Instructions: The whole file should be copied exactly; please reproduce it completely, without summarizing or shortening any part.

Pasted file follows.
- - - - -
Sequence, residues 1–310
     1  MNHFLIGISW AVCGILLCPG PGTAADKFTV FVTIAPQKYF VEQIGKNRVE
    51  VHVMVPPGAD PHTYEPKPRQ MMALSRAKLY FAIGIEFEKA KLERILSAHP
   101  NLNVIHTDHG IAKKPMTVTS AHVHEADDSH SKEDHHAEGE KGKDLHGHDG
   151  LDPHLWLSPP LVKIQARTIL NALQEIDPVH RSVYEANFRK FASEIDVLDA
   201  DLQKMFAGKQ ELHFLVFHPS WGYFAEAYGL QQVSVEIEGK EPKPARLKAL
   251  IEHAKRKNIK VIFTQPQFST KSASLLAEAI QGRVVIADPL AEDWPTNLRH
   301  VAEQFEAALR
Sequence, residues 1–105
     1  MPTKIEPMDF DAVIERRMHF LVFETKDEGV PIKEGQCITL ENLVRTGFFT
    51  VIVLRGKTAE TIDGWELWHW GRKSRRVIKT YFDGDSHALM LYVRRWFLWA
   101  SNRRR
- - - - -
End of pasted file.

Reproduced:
Sequence, residues 1–310
     1  MNHFLIGISW AVCGILLCPG PGTAADKFTV FVTIAPQKYF VEQIGKNRVE
    51  VHVMVPPGAD PHTYEPKPRQ MMALSRAKLY FAIGIEFEKA KLERILSAHP
   101  NLNVIHTDHG IAKKPMTVTS AHVHEADDSH SKEDHHAEGE KGKDLHGHDG
   151  LDPHLWLSPP LVKIQARTIL NALQEIDPVH RSVYEANFRK FASEIDVLDA
   201  DLQKMFAGKQ ELHFLVFHPS WGYFAEAYGL QQVSVEIEGK EPKPARLKAL
   251  IEHAKRKNIK VIFTQPQFST KSASLLAEAI QGRVVIADPL AEDWPTNLRH
   301  VAEQFEAALR
Sequence, residues 1–105
     1  MPTKIEPMDF DAVIERRMHF LVFETKDEGV PIKEGQCITL ENLVRTGFFT
    51  VIVLRGKTAE TIDGWELWHW GRKSRRVIKT YFDGDSHALM LYVRRWFLWA
   101  SNRRR